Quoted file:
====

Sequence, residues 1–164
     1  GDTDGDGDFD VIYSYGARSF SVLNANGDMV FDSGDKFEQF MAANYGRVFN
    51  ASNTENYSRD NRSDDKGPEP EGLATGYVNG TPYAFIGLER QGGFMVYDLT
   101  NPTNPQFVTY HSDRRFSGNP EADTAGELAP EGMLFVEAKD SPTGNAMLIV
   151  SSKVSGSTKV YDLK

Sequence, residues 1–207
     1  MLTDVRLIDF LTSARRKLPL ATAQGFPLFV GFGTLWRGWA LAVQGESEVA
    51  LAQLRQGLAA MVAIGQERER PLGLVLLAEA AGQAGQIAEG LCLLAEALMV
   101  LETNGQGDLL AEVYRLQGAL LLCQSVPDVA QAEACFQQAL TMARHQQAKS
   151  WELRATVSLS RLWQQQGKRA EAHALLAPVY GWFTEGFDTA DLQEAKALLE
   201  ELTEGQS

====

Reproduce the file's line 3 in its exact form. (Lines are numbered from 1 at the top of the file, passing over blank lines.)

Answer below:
    51  ASNTENYSRD NRSDDKGPEP EGLATGYVNG TPYAFIGLER QGGFMVYDLT